4 Tips I Wish I Knew 10 Years Ago As A Developer

What advice would you give to yourself if you could travel back in time? What if you could leverage your acquired experience? What are the top pieces of advice you would give to any beginner developer? This is the exercise I tried to do and want to share with you. Great Scott! Let’s go back to the future!

Anthony Viard - martedì 1 marzo 2022
Tags: Community

Hey, fellow developers!

What advice would you give to yourself if you could travel back in time? What if you could leverage your acquired experience? What are the top pieces of advice you would give to any beginner developer?

This is the exercise I tried to do and want to share with you. Great Scott! Let’s go back to the future!

1. Work on the Basics

This advice sounds logical and natural for a beginner in any domain, including IT. However, we do know IT is an exciting world full of distractions. When you start you want to test everything, learn everything, and move forward on every topic at the same time.

What I would do differently is focus on “basic” knowledge, such as learning design patterns, mastering a method of development like Test Driven Development (TDD), etc… I’m not saying I skipped these things, but they’re worthy of a deep understanding.

My tips: Learn the basics, enforce your knowledge. This will help you to be better.

2. Contribute to Open Source Projects

Contributing to OSS is probably the best decision I made in my career. But, I probably should have done it sooner. I know it’s hard to expose yourself and your weaknesses to the rest of the world, but it’s an opportunity to share your strengths and help others.

It was easy to take action once I felt it was time. What I learned is: whatever your experience, your knowledge, your position… you are valuable. You can help communities by sharing your know-how.

What happens if you fail? You realize that making mistakes is the best way to learn.

If I could, I’d contribute sooner than I did.

My tips: Start contributing as soon as possible. Don’t frame it like you can add value to existing projects; you are the value.

3. Avoid Toxic People

I don’t know if I’m a lucky person or if the IT world is mostly kind, but I don’t think I’ve met too many toxic people. My overall experience is a good one, and when I met good technical people I also met a lot of friends.

In my experience, IT people don’t fit the nerd stereotype. I have a lot of good memories of meeting new people, learning from different cultures, and learning from new friends.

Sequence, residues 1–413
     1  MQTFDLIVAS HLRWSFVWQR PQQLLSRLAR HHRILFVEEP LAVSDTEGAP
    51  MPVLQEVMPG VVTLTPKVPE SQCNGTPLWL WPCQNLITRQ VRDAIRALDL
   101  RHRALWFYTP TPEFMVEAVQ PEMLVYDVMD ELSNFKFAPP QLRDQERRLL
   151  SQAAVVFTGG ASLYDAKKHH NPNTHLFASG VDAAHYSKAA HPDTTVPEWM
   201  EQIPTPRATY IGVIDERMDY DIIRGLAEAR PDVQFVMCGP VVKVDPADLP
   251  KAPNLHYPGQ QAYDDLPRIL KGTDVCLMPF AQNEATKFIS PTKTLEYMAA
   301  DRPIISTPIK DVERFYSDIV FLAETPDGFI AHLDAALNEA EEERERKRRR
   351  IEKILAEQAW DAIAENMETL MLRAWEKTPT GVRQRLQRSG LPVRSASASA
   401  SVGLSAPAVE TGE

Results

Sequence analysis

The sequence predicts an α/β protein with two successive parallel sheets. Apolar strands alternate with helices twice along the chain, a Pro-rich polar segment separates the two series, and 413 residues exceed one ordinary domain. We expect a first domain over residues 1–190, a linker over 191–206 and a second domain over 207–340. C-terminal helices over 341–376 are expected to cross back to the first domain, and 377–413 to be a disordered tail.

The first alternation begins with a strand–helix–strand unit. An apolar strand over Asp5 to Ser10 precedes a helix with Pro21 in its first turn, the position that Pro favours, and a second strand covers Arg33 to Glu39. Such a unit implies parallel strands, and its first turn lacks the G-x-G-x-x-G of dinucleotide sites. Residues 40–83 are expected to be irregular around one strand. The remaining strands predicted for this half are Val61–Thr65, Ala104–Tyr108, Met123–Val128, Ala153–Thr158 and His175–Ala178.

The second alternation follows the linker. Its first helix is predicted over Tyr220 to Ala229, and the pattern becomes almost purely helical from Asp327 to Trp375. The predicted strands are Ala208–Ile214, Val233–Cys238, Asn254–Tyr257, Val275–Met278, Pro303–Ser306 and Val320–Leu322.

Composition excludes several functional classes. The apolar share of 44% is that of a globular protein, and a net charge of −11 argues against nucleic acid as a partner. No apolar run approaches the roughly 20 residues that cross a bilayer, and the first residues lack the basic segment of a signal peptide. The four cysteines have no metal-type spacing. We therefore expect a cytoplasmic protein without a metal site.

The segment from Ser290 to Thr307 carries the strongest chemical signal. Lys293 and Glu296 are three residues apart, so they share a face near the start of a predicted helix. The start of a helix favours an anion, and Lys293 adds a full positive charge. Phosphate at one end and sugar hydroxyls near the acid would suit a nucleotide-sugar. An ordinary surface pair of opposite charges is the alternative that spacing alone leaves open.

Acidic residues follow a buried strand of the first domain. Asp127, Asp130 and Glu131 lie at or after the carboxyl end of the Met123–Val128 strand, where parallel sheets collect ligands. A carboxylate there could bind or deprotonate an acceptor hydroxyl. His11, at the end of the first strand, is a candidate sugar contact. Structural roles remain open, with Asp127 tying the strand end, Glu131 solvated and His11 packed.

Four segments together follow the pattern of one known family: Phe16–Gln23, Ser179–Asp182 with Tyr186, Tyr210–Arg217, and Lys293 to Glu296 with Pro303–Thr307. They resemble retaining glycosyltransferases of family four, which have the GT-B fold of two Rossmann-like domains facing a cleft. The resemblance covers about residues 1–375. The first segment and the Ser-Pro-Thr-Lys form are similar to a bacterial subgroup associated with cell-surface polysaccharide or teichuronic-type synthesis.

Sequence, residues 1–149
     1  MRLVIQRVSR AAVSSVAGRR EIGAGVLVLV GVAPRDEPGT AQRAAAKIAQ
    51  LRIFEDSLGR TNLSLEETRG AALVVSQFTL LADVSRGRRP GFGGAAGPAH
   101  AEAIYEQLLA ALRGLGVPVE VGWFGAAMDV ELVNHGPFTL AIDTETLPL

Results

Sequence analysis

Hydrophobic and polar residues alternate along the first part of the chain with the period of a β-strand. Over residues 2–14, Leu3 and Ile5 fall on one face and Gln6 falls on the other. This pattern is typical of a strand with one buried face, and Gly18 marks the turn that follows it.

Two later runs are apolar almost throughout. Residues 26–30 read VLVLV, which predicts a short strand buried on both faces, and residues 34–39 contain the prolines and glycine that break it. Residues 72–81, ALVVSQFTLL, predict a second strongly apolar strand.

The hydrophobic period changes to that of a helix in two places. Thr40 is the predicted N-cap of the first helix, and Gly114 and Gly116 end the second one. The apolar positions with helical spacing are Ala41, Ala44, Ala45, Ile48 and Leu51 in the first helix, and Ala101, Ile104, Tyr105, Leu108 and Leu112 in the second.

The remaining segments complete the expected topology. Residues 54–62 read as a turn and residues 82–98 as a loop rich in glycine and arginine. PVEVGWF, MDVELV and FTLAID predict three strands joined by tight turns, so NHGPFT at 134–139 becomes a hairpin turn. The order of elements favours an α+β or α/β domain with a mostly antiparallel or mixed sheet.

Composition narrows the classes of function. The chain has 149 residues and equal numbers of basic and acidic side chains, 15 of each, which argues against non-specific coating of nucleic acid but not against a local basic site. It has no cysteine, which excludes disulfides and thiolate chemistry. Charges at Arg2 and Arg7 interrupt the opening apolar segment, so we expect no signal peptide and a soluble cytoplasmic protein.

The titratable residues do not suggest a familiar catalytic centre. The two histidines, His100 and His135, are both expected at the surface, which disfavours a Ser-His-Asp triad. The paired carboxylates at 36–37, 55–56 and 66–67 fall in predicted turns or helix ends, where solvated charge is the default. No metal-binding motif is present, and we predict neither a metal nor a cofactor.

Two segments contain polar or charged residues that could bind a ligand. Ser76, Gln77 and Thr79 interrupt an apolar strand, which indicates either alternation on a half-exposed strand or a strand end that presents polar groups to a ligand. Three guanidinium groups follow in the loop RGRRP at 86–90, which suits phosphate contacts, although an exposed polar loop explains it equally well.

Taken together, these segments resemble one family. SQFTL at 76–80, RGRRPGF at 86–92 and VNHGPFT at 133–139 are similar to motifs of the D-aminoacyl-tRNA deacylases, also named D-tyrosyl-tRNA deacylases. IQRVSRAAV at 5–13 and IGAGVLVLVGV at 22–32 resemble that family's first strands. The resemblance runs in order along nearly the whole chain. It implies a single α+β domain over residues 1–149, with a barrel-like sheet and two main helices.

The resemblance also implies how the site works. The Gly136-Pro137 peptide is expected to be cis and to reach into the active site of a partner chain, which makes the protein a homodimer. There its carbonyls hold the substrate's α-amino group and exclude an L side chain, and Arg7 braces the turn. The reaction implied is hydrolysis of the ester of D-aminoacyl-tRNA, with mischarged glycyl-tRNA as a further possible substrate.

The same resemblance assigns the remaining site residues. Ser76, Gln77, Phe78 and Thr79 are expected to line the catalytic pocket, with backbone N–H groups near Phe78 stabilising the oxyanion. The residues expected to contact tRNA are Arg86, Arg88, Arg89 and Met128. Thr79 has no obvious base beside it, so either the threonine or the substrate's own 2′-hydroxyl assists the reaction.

However, I also had bad experiences working with toxic people. You know people are toxic when they think about themselves while the team is trying to build a project as one person. You know people are toxic when they put a lot of pressure on you, or don’t hesitate to blame teammates for something that went wrong or when tasks have not been completed in time.

I did encounter people like this and I swear their toxicity can destroy a team’s effort. Unfortunately, I might have lacked the confidence to fight this type of person.

The world is full of kind people. Be close to them. Run away from the others.

My tips: Feel free to claim you don’t want to work with toxic people. Don’t let them put in your mind that you are not good enough or valuable. Enjoy smart and kind people and be the person you want the other to be. Throw away toxicity.

4. Don’t Think You Don’t Deserve It

Several times I felt I did not deserve all the good things that happened to me. In a constantly moving technical world, it’s hard to find our place and understand this one is legit. You can quickly be the trusted person for a given application if you work on it for several months.

You can quickly teach others about a specific technology, framework or tool you worked on.

After 3 or 5 years you can carry a team and be a reference for beginners.

So often I was wondering if all this attention was normal and I was not cheating my colleagues.

I think my main issue was the inability to do some introspection and understand that if people trusted me for a task that meant they were doing it with good reason.

My tips: If sometimes you feel you’re overestimated, know that people trust you for good reason. You deserve the good things that happen because you worked hard for them. We are never totally prepared for new things, embrace them.

Conclusion

I have a gut feeling that all the things I would like to tell myself sound familiar to other developers. However, I also know we all have different stories, different experiences, and we probably give ourselves different advice.

I’m wondering, what advice would you give yourself? Is it the same as mine?

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